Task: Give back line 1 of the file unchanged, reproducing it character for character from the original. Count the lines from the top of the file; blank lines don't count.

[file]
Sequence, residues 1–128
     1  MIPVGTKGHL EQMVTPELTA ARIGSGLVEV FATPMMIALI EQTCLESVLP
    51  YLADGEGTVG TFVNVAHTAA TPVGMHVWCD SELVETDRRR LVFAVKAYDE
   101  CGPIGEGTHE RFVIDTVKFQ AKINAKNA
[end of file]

Sequence, residues 1–128